University Researchers Develop New Therapy for Bulimia Nervosa

Bulimia nervosa, a disease first  described in 1979, involves binge eating and the purging of consumed calories by vomiting or the use of laxatives. According to the U.S. government, there are an estimated half million people suffering from bulimia in the United States and about 90 percent are thought to be women. Federal statistics say that one in 25 college women are bulimic.

The most common therapy for bulimia was developed by Chris Fairburn at Oxford University in England. This method focuses on getting patients to focus less on weight and body image. But now a research team at the University of North Dakota and the University of Minnesota has developed a new treatment to fight bulimia. The new psychological-based therapy, developed over a 10-year period in a clinical trial in Fargo and Minneapolis, uses an electronic device that patients use to record their emotions and behaviors so that they can go back and observe which emotions led to bulimic episodes.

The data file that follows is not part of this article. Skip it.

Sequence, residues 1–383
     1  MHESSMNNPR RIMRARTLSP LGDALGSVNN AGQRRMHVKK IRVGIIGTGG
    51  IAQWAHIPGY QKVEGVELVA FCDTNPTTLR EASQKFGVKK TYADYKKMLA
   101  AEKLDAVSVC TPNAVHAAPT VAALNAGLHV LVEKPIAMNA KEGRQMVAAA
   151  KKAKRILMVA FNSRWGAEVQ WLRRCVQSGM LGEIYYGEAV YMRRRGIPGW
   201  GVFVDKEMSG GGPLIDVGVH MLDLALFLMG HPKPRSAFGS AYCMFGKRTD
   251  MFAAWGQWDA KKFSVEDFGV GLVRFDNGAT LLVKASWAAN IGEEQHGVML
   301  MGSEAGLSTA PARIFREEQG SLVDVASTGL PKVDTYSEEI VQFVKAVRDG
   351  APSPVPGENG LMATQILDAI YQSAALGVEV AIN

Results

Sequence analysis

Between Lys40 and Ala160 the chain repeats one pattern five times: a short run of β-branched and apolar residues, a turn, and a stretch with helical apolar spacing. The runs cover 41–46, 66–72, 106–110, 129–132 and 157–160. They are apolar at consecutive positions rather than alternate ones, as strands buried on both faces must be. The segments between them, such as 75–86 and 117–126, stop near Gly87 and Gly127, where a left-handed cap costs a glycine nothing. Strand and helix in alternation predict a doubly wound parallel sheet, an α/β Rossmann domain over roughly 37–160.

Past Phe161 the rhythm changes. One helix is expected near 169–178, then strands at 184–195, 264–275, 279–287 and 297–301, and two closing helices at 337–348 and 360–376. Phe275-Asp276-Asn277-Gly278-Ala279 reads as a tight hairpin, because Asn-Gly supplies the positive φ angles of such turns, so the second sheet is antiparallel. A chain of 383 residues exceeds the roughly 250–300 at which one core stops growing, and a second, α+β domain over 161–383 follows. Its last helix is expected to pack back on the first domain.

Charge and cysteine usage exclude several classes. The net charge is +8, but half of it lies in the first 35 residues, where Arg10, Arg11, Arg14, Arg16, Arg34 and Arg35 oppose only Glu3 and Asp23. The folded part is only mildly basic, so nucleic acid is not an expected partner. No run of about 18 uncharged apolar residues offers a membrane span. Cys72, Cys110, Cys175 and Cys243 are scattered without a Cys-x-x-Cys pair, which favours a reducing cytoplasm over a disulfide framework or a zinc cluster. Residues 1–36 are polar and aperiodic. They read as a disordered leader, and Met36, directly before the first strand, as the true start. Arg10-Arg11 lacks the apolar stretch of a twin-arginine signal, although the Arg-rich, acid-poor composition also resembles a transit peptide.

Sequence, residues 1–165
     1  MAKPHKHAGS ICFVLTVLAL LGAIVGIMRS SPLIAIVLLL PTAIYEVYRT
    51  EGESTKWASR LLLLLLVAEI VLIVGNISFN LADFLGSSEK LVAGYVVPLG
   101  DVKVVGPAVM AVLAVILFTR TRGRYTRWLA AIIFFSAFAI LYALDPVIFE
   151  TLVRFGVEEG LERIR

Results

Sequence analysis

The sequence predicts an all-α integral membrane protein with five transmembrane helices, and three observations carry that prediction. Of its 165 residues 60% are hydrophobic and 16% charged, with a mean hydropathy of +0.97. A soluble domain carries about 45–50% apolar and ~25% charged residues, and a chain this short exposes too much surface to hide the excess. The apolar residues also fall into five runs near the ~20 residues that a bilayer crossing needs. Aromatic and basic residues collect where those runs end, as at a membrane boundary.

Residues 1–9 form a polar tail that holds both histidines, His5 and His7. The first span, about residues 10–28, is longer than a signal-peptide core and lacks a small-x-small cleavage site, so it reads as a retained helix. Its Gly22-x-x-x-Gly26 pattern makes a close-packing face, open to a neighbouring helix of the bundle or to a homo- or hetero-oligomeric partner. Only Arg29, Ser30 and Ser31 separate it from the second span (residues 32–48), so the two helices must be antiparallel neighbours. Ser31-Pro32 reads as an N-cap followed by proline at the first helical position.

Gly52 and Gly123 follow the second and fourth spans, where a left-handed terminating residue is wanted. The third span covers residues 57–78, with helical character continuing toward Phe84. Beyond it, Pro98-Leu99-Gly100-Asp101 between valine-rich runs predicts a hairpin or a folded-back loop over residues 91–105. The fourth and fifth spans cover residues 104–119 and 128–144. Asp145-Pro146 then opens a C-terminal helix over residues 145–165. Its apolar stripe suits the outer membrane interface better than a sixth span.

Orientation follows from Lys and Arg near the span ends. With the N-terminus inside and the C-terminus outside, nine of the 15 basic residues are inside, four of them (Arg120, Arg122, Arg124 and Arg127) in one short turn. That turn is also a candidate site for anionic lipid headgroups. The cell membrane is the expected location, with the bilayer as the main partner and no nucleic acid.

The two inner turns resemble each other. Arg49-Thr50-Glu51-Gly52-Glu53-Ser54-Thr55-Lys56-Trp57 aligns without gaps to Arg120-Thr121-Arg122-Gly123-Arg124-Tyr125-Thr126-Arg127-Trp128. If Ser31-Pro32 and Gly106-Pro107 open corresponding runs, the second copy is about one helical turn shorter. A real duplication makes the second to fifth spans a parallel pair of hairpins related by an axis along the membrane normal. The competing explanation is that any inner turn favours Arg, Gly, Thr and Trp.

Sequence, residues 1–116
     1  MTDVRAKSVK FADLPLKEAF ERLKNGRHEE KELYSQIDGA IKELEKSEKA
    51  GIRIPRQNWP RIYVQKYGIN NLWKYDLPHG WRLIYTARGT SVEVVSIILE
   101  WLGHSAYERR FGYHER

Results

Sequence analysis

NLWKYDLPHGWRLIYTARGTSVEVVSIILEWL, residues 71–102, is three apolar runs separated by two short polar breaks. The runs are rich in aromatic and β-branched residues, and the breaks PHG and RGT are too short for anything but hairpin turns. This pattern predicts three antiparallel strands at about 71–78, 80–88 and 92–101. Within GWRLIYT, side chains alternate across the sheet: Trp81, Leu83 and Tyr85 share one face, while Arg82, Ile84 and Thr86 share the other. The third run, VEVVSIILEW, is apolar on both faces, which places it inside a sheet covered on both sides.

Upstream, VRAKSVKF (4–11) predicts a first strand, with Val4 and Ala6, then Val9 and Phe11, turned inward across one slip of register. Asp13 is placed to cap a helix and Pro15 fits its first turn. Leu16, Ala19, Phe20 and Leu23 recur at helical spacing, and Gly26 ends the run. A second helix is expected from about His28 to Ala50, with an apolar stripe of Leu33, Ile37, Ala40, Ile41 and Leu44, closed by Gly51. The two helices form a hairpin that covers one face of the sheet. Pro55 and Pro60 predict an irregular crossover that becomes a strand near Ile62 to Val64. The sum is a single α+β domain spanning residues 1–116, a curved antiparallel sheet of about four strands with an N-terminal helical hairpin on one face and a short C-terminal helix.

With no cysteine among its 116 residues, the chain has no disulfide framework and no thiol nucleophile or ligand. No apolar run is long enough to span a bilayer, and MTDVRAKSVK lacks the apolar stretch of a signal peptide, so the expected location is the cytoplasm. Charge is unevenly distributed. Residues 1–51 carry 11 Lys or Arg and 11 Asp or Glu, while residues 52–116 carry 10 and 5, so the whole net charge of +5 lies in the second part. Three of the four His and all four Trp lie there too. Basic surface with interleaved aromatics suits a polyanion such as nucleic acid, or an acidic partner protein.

The new treatment can be used as an alternative to the Oxford model when the established procedure has not proven successful or can be used as the 0riginal therapy option. The U.S. research team states that their success rate is similar to trails in which patients were treated under the Oxford method.

Carol Peterson is co-principal investigator on the project. She is a research associate and assistant professor of psychiatry at the University of Minnesota Medical School. Dr. Peterson holds a bachelor’s degree in psychology from Yale University and a Ph.D. in clinical psychology from the University of Minnesota.


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